MRC talks over Laos Mekong dam project reach a dead end

Don Sahong hydropower dam could threaten the livelihoods of thousands; dispute will now be submitted to the Mekong River Commission Council

No agreement was reached during talks this week over a dispute regarding the Don Sahong hydropower dam project in Laos. Following the failure to find a solution during the negotiations, which were conducted by the four members of the Mekong River Commission (MRC), the issue will now be brought to the MRC Council, the Commission’s highest governing body.

The talks were called for by Thailand, Cambodia, and Vietnam, Laos’ neigbouring countries which share the lower Mekong. They argued that Laos had failed to comply with the 1995 Mekong Agreement, which mandates prior notification and consultation of riparian states for certain projects.

All three neighbouring countries have asserted that Laos is obliged under the Mekong Agreement, and its associated procedures, to submit to prior consultation. Laos maintains that the dam is not strictly located on the mainstream of the river.

A statement by the MRC Joint Committee, which comprises representatives of the four member states, said that “[Cambodia, Thailand and Vietnam] raised particular concerns on the project’s potential impacts on fish migration routes as the Hou Sahong has been the major migration channel for fish to migrate in the dry season”.

Because no consensus was reached during this week’s discussions, the matter will now be presented to the MRC Council, which is comprised of the water and environment ministers of the member countries. The Council will determine whether or not it considers the dam to be located on the Mekong’s mainstream.

However, the Council, whose function is to “provide guidance” and to “resolve issues and disputes referred to it”, does not have the power to legally oblige Laos to abide by its decision and halt construction on the dam. A final course of action available to member states is international arbitration, the outcome of which would be legally binding.

The MRC, set up in 1995 pursuant to the Mekong Agreement, is an inter-governmental governing body overseeing the regional cooperation over the use and development of the Lower Mekong River Basin.

The Don Sahong dam is the second such dam being built by Laos on the Mekong river. The Xayaburi dam, currently under construction in Northern Laos, is at the root of major concerns among environmentalists and world leaders that it could create irreversible and disastrous damage to the ecosystem, biodiversity and populations along the Mekong in downstream as well as upstream countries.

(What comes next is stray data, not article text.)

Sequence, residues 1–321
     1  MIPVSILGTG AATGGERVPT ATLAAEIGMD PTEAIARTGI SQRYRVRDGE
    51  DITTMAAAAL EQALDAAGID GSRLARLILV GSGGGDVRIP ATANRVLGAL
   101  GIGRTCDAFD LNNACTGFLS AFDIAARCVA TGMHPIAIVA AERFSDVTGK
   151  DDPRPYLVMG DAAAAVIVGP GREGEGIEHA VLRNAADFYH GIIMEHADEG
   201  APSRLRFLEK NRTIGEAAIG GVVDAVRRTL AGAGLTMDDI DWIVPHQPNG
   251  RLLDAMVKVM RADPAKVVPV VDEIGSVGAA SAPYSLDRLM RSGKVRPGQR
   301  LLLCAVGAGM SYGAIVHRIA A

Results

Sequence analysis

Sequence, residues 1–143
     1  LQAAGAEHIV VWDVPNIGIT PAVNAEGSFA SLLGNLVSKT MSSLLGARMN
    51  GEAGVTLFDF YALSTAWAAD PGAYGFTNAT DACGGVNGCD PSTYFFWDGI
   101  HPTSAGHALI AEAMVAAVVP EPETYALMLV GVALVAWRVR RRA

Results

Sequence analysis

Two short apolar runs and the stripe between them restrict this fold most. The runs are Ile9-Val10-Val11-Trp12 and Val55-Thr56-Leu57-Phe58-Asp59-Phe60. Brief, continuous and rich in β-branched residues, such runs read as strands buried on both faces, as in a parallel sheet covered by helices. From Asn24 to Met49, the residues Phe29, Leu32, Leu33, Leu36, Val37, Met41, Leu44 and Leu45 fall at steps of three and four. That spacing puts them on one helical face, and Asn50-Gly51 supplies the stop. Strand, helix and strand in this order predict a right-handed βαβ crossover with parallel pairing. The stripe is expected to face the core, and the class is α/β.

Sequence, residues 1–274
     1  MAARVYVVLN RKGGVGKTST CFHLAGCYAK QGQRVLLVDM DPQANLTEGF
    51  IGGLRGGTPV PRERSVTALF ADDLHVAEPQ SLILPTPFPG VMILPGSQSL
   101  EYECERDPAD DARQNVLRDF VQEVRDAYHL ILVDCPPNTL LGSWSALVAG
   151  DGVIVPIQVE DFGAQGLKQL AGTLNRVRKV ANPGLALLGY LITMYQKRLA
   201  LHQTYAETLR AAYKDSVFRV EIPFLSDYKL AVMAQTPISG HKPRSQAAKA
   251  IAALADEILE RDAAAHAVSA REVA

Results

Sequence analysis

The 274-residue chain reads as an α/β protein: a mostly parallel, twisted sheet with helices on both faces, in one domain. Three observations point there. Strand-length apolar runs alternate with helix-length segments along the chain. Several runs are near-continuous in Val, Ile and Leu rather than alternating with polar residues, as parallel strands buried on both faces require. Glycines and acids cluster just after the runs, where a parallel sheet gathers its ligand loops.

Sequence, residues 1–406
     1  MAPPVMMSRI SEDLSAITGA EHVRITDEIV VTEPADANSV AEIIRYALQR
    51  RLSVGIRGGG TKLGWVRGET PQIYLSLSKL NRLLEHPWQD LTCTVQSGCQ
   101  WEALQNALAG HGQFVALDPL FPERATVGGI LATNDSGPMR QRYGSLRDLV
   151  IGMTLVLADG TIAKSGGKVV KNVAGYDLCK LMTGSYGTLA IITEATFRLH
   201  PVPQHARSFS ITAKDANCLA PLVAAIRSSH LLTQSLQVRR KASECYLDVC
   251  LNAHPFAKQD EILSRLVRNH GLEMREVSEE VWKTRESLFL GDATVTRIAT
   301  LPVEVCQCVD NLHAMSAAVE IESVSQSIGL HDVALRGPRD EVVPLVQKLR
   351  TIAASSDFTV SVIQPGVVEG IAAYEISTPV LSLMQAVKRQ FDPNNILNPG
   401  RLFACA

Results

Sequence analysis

A threat to thousands

Events accelerated and relations grew tenser following Laos’ decision in September 2013 to go ahead with the construction of the Don Sahong dam, with riparian states raising concerns over the project and objecting to the go-ahead given by the Laotian government to Mega First Corporation Berhad, a Malaysian company in charge of the project.

After the announcement by the Laos Ministry of Energy and Mines that work on the dam would start by the beginning of the year, Cambodia issued a formal complaint to the MRC, which protested that Laos is moving ahead with the dam without first consulting its neighbors. In addition, At least 19 NGOs in the region have written to the prime ministers of the four lower Mekong countries—Laos, Cambodia, Thailand, and Vietnam— calling on them to suspend the project until further studies are conducted.

Environmental groups have been critical of the project. International Rivers, a California-based NGO which monitors dam activity around the world, claims that the Don Sahong dam would “threaten to block the only channel of the Mekong that currently allows for year-round fish migrations on a large scale, while also wiping out one of the last pools of the endangered Irrawaddy dolphins”, not only upending local ecosystems, but threatening the lifeline of thousands who depend on the fish.

“The dam will create inevitably devastating impacts on riverine communities and dwellers whose livelihoods and food security depend on the Mekong River’s resources such as fisheries”, International Rivers said.

The Don Sahong Dam is a hydroelectric dam. It will generate 260 MW of electricity, most of which will be exported to Thailand and Cambodia, two fast-growing economies in desperate need for energy.

The dam, conservationists say, could potentially cause environmental catastrophes and destroy the livelihoods of fishermen along the river. Laos argues that measures will be put in place to minimize any impact on the ecosystem.

 

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